According to the Book of Proverbs King Solomon, who knew a thing or two about hope and despair once said – whether in despair or merely noting in a manner of fact way – that Hope deferred makes the heart sick, and for the last three months and some I feel like I have known just that; lurching — sometimes several times a day — between the delirious joy of looking forward to an adventure and the deep depths of despair. COVID-19 was the culprit, as were the not entirely unconnected issues of an oil supply glut and oil price wars leading to sub-zero oil futures pricing. That there was a clear cause-effect relationship did little to tame the perennial desire to find wider meanings in things that is our forte as Nigerians, cue warfare prayers from my near and dear ones, a la Mountain of Fire and all.
The call to suit up and boot up came out of the blue late one Thursday, which set off a series of throat swabs, trips into central London to hand in passports and pick them up and all the not entirely fun stuff of packing up a life and moving continents in a week. Part of me wondered if it was entirely sensible to be jumping onto a flight, cooped up with others for six hours and some, but given I had waited three months for this chance, I was not about to let it slide over the small matter of a lengthy flight. I felt like a guinea pig through it all – one way systems at the airport and all the rigmarole that came with those, unseasonably warm weather, and lengthy queues. Thankfully, I had my friend O for company, and copious amounts of hand sanitizer to slather my hands in. It might have been the weather, or plain old tiredness, which made someone drop in a faint was our queue slowly inched its way towards the check-in desk. We all had to physically check in our bags, which made for an interminably slow and painful process, exacerbated by the fact that people were flying with tons of bags, returning home after being stuck away from home I guess. Once through security and on to flights, it seemed like the plan was to send us through as quickly as possible – a quick turn around in Dubai and then onwards to our final destination being the plan. On arrival, we were whisked through security, on to the meet and greet folks and then in a taxi towards my final destination, reached at the ungodly hour of 3.30am, at which time I was barely lucid.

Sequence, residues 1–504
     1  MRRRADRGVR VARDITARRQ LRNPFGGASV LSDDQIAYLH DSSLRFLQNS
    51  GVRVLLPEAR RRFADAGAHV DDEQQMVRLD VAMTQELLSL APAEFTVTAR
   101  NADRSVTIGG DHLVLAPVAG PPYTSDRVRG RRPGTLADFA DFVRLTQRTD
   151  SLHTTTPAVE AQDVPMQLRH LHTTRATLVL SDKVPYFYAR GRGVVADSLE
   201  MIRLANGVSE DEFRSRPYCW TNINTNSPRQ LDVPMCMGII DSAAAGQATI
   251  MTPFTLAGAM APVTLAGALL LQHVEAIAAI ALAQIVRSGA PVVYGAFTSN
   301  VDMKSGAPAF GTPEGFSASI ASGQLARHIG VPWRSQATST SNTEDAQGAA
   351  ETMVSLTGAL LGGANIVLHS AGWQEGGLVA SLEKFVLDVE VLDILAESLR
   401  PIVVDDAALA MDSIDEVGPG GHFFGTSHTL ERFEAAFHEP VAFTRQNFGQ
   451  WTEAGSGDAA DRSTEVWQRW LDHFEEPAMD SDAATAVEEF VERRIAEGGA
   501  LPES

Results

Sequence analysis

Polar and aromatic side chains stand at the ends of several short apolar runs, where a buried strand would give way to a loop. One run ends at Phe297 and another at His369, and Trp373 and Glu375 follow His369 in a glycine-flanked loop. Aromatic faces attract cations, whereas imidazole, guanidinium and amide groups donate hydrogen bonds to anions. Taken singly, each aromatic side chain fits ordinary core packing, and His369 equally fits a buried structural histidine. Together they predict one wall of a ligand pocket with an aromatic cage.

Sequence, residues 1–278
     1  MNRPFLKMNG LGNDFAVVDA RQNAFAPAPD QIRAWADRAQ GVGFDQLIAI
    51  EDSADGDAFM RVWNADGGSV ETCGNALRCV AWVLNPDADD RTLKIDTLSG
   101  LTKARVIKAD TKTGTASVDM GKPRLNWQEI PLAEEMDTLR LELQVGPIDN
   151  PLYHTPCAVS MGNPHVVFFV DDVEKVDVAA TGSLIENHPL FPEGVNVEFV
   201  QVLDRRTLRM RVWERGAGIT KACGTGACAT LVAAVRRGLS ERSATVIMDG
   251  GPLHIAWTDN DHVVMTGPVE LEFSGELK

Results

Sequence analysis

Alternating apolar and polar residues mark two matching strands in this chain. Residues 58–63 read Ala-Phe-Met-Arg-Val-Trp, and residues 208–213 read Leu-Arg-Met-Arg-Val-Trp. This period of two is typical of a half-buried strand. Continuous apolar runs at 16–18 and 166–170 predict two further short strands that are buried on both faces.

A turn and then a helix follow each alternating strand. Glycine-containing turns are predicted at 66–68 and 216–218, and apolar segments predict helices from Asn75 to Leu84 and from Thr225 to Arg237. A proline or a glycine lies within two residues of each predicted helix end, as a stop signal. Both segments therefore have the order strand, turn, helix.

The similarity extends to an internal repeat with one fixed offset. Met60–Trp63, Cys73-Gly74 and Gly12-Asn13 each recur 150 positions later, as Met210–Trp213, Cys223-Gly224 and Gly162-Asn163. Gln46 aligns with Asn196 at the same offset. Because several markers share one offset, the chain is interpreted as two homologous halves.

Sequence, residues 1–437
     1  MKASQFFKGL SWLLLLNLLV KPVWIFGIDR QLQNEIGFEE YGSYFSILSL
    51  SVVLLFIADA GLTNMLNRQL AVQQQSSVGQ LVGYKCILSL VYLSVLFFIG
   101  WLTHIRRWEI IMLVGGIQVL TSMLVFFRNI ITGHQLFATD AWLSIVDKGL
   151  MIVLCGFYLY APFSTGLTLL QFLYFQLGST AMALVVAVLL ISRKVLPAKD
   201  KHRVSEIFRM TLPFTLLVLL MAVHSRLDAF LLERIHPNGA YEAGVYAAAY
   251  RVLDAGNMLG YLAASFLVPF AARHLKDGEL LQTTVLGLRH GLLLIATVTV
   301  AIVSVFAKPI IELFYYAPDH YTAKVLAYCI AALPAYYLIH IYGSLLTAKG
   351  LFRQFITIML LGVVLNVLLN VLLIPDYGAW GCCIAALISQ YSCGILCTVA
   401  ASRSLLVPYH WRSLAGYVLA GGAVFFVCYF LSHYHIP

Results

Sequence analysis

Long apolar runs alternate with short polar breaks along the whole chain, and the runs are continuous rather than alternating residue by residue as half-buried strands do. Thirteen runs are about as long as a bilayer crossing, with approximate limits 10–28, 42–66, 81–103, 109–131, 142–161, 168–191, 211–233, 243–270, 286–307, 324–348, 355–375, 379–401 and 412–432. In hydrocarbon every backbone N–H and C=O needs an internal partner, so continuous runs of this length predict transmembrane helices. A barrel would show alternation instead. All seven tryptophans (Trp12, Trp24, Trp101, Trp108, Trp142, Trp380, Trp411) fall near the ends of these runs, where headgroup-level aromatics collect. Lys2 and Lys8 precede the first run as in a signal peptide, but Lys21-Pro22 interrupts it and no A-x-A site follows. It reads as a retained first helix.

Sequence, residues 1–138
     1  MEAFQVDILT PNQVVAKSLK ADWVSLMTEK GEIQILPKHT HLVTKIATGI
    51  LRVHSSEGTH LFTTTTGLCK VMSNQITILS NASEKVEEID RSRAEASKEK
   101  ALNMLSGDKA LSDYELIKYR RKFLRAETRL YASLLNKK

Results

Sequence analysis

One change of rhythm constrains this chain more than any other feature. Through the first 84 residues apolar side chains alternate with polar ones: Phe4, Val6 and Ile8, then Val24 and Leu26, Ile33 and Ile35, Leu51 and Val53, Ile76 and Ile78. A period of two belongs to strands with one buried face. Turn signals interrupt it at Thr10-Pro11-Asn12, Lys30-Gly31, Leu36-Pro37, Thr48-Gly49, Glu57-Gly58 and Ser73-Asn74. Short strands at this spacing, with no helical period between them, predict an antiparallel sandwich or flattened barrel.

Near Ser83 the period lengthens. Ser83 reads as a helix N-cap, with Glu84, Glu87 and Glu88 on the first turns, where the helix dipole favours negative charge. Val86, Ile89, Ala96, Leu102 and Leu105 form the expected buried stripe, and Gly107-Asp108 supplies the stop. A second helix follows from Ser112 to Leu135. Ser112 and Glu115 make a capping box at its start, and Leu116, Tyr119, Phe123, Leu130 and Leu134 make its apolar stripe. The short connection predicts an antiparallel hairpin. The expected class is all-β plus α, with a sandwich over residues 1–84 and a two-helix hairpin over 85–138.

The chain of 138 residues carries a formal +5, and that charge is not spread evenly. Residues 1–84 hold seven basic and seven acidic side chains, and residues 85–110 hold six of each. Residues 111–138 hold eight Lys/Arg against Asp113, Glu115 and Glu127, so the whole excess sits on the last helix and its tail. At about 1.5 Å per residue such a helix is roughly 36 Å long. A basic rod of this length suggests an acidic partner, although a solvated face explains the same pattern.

The price to pay for moving to the edge of the world in these difficult times has been to self-quarantine for 14 days, days which alternate between speeding past and dragging on interminably. The glorious gift of the internet is not something that is bestowed on us out here without any strings, so one has had to make do with a mobile wifi device and a pre-paid plan, a far cry from the unlimited fibre-optic broadband I enjoyed for the past three months. As such mindlessly watching Netflix or Amazon Prime has not been an option. Shades of living in Nigeria in the dark days before proper internet arrives you could say.
For food, I have had to ping WhatsApp messages back and forth with the chap who manages the camp diner, iteratively arriving – via pictures and explanatory texts – on a semblance of dinner. Bread and eggs have been a salvation of sorts. The downside to all of that though is the blandness of everything which led to me retching over a toilet bowl one afternoon after one too many meals comprising of bread and eggs. The small Nigerian community did come through several times though, bowls of soup turning up one weekend, rice on an another and then two trays of salah meat to cap it all off. Weight is something I am refusing to look at at the moment, not helped by the heat discouraging any attempts to running outdoors.
New routines are needed for this new life. One had best get going.